This quarter in my Masters in Digital Education program, I’ve truly begun to question decision making behind the scenes and how those decisions are both shared and acted upon by district staff. Continuing to look to ISTE Standards around Professional Development and Program Evaluation, I further wanted to explore how administrators advocated for technology needs in their building and create opportunities for all staff to actively participate in Tech PD.
A recent study conducted by SAM Labs surveyed 250 teachers in the United States and concluded that 78% felt they lacked adequate training needed to meet the demands of technology in their classrooms effectively (Bolkan, 2017). Of those surveyed, 82% felt classroom technology helps prepare students for future careers. However, only 37% surveyed claimed to learn how to use technology during their free time. This means that 63% of the teachers surveyed rely on Professional Development opportunities and coaching to explore how to effectively implement new technology in their classroom.
A study shared by The School Leaders Network, found that principal retention is a national concern. Their 2014 survey found that 1 out of 4 administrators leave their schools each year (Cohen & Pearson, 2018). In addition, 50% of new principals quit during their third year. With these trends, it’s easy to see how teachers are left waiting for strong leadership, or someone to advocate for what their building needs.
Not wanting to get too much into why this is an issue, I would like to add that our nation’s largest district, in New York City, has taken action to better support administrators. Starting in 2014, they created a program that makes leaders out of veteran principals who take a year leave from their building to serve as a coach for other new administrators in their district. Each coach provides 8 hours of support per new administrator each month. This strategy not only offers support to the new administrators but allows the veterans to experience what is happening in other buildings as well. In their first year of the program, they were able to raise retention of third year administrators to 75% returning for the fourth year ((Cohen & Pearson, 2018).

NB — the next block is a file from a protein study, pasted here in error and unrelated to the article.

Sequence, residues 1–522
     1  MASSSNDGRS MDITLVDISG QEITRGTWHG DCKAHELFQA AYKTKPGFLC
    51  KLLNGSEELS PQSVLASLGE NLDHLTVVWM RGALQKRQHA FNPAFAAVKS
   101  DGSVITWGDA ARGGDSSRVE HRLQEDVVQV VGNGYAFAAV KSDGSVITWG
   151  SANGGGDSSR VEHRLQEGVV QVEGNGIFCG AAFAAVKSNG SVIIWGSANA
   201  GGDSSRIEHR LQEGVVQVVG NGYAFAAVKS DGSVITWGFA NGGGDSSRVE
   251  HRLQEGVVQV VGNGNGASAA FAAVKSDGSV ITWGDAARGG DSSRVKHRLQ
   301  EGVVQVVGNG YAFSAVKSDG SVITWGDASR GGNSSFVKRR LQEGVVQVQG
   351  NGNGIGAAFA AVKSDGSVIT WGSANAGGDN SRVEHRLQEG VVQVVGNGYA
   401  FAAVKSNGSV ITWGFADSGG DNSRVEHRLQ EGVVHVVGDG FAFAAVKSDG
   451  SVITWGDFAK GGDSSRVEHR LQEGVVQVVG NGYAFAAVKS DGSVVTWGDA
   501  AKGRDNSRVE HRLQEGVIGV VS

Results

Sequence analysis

Again, this scenario of coaching administrators, is not necessarily happening nationwide. Therefore it is important to understand that many districts still have high turnover, or frequent shifting of administrators from one building to the next. This creates barriers for teachers feeling supported with new curriculum, tech integration, and the sense that someone is advocating on their behalf.
What can administrators do to better support their staff’s needs?
Given the data from NYC, administrators who feel supported are more likely to remain on the job. Districts need to provide professional development opportunities for administrators in order for them to become or remain effective leaders. Administrators need to understand how to empower their staff to take risks and explore new ways of thinking and teaching. Eric Patnoudes, a former teacher and instructional technologist, states that districts must have a unified vision for technology use that is explicitly shared with administrators and educators. In his post Professional Development Isn’t Just for Teachers, he raises three questions for administrators:
- Are teachers required to integrate technology during classroom observations/evaluations?
- When we say “paperless classroom”, what is the actual goal?
- How should a district define student engagement, and can it be observed?
Now assuming districts are offering Tech PD to administrators, how can they further support their staff? Edtech Magazine shared 6 Strategies to Help Principals Become Technology Leaders. Although this article was published more than a decade ago, the data above indicates we need administrators to offer more Tech support to staff.
Six great tips towards a shared vision of tech integration: